Noise Annoys: Love bites – Wolf Alice's debut LP
SPOTTING Wolf Alice on the front of the NME reminded me it was high time I rescued the hotly tipped London indie quartet's debut LP, My Love Is Cool, from atop the teetering pile of promo product perched precariously on the Noise Annoys 'in' tray.
And not a moment to soon: the album is out on Monday and it turns out that Wolf Alice are actually pretty great.
Having started life a couple of years ago as an acoustic duo consisting of singer guitarist Ellie and her best mate Sadie (now long since departed for a career in nursing), the band have gradually morphed into a fully fledged electric indie rock combo.
My Love Is Cool follows a series of EPs and singles documenting their transition from the pleasant alt-folky pop of debut release Leaving You to the visceral neo-grunge crunch of the lead track from last year's Creature Songs EP's, Moaning Lisa Smile (dig that Simpsons reference).
It features a few tunes that will be familiar to existing fans, including a re-recorded version of fan favourite Bros – a shimmering shoegaze pop tribute to Ellie's bestie and former bandmate – ironically titled mosh-rocker Fluffy and the slinky post-punk groove of recent single Giant Peach.
As well as being three of the LP's highlights, the fact each song sounds so different highlights the rather schizoid nature of the Wolf Alice sonic attack.
Some folks who should know better have already labelled them 'shoegrunge' (shudder), but while the Londoners can certainly deliver pedal-enhanced riffage with angsty quiet/loud kiss-offs like You're A Germ and the aforementioned Fluffy (the screamy climax of which allows Ellie to unleash her inner riot grrrl), the band set out to confound expectations from the get-go by opening with bionic slowie Turn To Dust, which is all choir girl vocals, drum machine pulses and woozy acoustic guitar noodling.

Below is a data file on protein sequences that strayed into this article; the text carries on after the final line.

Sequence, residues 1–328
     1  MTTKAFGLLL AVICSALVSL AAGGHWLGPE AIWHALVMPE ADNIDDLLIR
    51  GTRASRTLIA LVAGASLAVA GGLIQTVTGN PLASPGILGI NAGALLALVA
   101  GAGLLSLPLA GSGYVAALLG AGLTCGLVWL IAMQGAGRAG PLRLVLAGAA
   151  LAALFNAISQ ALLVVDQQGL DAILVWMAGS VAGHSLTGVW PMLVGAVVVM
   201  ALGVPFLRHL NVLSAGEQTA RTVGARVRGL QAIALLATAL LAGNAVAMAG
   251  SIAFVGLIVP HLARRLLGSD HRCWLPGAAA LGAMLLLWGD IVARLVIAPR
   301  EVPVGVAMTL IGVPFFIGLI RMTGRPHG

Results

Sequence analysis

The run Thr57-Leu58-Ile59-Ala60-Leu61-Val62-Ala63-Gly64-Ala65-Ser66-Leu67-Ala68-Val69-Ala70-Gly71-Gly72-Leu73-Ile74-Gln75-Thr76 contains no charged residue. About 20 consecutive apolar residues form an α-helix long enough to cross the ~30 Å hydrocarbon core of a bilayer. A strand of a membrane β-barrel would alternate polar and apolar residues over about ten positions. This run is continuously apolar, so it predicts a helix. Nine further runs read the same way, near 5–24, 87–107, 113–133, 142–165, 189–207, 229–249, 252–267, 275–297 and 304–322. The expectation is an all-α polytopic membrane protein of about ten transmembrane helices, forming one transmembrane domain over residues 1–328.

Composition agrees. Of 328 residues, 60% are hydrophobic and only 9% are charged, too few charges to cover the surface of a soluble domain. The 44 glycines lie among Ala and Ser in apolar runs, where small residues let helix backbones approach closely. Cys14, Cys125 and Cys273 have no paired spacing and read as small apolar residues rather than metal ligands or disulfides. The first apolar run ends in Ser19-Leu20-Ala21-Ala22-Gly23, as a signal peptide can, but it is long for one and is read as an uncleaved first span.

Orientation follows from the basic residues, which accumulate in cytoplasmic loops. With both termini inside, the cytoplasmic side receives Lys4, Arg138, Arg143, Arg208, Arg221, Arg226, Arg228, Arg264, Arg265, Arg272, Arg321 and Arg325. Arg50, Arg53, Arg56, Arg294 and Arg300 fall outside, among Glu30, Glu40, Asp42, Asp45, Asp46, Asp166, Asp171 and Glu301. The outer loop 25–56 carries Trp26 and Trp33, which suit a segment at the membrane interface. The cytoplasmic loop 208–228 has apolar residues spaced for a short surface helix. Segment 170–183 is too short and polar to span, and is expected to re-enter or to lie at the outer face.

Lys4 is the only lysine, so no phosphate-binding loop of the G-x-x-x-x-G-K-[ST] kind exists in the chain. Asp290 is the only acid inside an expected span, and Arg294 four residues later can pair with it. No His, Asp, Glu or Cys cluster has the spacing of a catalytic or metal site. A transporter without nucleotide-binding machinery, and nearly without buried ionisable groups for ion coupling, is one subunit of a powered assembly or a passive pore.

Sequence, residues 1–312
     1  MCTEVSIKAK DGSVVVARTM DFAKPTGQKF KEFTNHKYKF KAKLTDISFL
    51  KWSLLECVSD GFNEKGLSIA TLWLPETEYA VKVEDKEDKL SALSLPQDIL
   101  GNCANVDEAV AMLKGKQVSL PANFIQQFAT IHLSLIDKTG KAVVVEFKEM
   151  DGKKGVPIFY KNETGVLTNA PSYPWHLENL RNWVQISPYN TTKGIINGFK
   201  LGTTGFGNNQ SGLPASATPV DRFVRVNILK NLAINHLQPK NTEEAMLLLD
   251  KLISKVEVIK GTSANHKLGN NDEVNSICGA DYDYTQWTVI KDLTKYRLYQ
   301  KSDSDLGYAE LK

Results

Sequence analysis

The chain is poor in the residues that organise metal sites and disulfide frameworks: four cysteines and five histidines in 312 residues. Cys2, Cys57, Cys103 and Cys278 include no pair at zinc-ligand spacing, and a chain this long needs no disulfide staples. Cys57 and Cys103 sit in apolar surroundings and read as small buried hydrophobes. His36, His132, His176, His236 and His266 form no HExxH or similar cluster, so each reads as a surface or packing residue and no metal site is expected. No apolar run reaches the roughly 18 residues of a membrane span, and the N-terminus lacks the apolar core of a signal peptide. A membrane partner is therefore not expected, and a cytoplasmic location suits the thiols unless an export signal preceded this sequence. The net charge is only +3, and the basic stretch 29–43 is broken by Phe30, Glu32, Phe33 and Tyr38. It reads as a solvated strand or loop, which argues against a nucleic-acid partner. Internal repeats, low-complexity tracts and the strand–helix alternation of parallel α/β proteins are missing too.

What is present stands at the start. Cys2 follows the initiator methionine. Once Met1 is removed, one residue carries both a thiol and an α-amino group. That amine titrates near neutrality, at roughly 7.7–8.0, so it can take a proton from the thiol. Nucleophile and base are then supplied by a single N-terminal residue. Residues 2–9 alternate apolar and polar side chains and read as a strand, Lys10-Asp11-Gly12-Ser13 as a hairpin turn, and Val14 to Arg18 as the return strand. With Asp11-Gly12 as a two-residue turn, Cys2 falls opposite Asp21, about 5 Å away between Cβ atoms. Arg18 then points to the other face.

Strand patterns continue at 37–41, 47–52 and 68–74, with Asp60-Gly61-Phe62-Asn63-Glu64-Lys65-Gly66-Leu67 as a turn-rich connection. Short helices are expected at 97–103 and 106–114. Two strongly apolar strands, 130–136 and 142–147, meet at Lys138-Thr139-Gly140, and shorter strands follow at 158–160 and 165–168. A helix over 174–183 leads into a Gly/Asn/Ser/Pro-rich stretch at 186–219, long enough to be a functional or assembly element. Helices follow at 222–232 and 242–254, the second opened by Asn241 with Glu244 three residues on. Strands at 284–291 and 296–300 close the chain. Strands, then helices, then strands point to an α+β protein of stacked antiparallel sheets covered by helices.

If that can be taken as a tip of the hat to the band's past as an acoustic girl duo (and if you like it, don't miss the stripped-back charms of hidden track Teach Me), the dynamic psychedelic romance of the anthemic Your Love's Whore is very much of the sound of a group pushing themselves to find bigger and better songs to grow into.
The surprises keep coming throughout My Love Is Cool: mid-album moment Silk takes things off on a spooky, synth-enhanced pop tangent that kind of sounds like it belongs on an Ellie solo LP, while drummer Joel takes the mic for the melancholy unplugged strummer Swallowtail to show off a fine falsetto croon that suggests he might have his own side-project waiting in the wings.
By throwing stuff like that into the mix along with the baggy beats of Freasy's easy breezy indiepop, Wolf Alice ensure that their debut LP offers a varied burst of creativity with plenty of light and shade to draw listeners in for repeated spins.
Rather than simply documenting their 12 strongest songs on My Love Is Cool – the cracking Moaning Lisa Smile and the EP tune We're Not The Same are conspicuous by their absence on that front – the band have instead set out to make a fresh and diverse yet cohesive record that reflects where they're at right now.
On that front, they have certainly succeed.
The NME are predicting Wolf Alice are 'gonna be big' but, regardless of fickle fame and fortune, My Love Is Cool is well worth swooning over.